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Recent Patents on CNS Drug Discovery
ISSN (Print): 1574-8898
ISSN (Online): 2212-3954
VOLUME: 7
ISSUE: 2
DOI: 10.2174/157488912800673128      Price:  $100









Polyamine Modulation of NMDARs as a Mechanism to Reduce Effects of Alcohol Dependence

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Author(s): Susan Barron, Ben Lewis, Kristen Wellmann, Megan Carter, Justin Farook, Josh Ring, Dennis Trent Rogers, Robert Holley, Peter Crooks and John Littleton
Pages 129-144 (16)
Abstract:
Relapse and neurodegeneration are two of the major therapeutic targets in alcoholism. Fortuitously, the roles of glutamate/NMDA receptors (NMDARs) in withdrawal, conditioning and neurotoxicity mean that NMDAR inhibitors are potentially valuable for both targets. Preclinical studies further suggest that inhibitory modulators that specifically reduce the co-agonist effects of polyamines on NMDARs are potential non-toxic medications. Using agmatine as a lead compound, over 1000 novel compounds based loosely on this structure were synthesized using feedback from a molecular screen. A novel series of aryliminoguanidines with appropriate NMDAR activity in the molecular screen were discovered (US patent application filed 2007). The most potent and selective aryliminoguanidine, JR 220 [4- (chlorobenzylidenamino)- guanidine hydrochloride], has now been tested in a screening hierarchy for anti-relapse and neuroprotective activity, ranging from cell-based assay, through tissue culture to animal behavior. This hierarchy has been validated using drugs with known, or potential, clinical value at these targets (acamprosate (N-acetyl homotaurine), memantine and topiramate). JR220 was non-toxic and showed excellent activity in every screen with a potency 5-200x that of the FDA-approved anti-relapse agent, acamprosate. This chapter will present a review of the background and rationale for this approach and some of the findings garnered from this approach as well as patents targeting the glutamatergic system especially the NMDAR.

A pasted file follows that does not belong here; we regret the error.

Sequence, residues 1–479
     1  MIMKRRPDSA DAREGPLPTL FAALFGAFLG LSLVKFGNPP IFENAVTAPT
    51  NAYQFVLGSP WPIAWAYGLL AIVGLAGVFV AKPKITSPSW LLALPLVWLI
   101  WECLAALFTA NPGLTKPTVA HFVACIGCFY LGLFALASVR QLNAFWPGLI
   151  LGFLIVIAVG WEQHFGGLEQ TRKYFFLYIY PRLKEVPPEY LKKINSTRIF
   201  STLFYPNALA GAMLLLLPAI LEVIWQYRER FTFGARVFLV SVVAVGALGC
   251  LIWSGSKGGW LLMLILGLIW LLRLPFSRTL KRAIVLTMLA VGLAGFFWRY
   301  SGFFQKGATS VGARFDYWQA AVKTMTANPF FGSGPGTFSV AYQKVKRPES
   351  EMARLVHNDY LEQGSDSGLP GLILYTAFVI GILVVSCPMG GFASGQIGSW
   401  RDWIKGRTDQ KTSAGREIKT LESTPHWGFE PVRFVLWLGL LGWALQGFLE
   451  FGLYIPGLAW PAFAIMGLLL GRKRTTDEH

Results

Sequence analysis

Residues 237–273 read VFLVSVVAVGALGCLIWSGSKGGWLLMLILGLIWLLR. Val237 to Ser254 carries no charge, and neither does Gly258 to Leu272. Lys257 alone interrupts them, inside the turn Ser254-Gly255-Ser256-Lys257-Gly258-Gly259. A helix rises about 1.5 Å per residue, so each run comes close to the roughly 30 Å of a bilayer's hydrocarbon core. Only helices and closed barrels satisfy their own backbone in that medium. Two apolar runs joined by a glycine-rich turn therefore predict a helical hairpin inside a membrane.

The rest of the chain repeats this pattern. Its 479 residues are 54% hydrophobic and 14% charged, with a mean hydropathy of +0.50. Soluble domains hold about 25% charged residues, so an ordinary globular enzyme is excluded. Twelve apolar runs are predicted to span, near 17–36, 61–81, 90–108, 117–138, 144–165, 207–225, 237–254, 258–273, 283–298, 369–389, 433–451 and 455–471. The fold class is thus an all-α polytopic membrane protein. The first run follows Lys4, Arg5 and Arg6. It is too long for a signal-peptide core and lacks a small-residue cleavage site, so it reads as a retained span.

Keywords:
NR2B neuroprotection, polyamine, relapse
Affiliation:
Psychology Department, University of Kentucky, Lexington, KY 40506-0044.